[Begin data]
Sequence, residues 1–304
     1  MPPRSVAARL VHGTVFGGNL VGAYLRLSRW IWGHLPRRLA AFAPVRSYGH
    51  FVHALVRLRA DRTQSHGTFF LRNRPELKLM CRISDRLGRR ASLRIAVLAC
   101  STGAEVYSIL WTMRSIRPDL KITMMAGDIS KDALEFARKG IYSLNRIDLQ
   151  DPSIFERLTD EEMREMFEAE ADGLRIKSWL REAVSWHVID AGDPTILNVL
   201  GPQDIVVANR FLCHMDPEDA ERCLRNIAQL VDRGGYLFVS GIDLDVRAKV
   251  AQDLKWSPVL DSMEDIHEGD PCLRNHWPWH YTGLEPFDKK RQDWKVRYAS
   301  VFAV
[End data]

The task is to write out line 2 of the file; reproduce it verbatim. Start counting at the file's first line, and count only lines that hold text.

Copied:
     1  MPPRSVAARL VHGTVFGGNL VGAYLRLSRW IWGHLPRRLA AFAPVRSYGH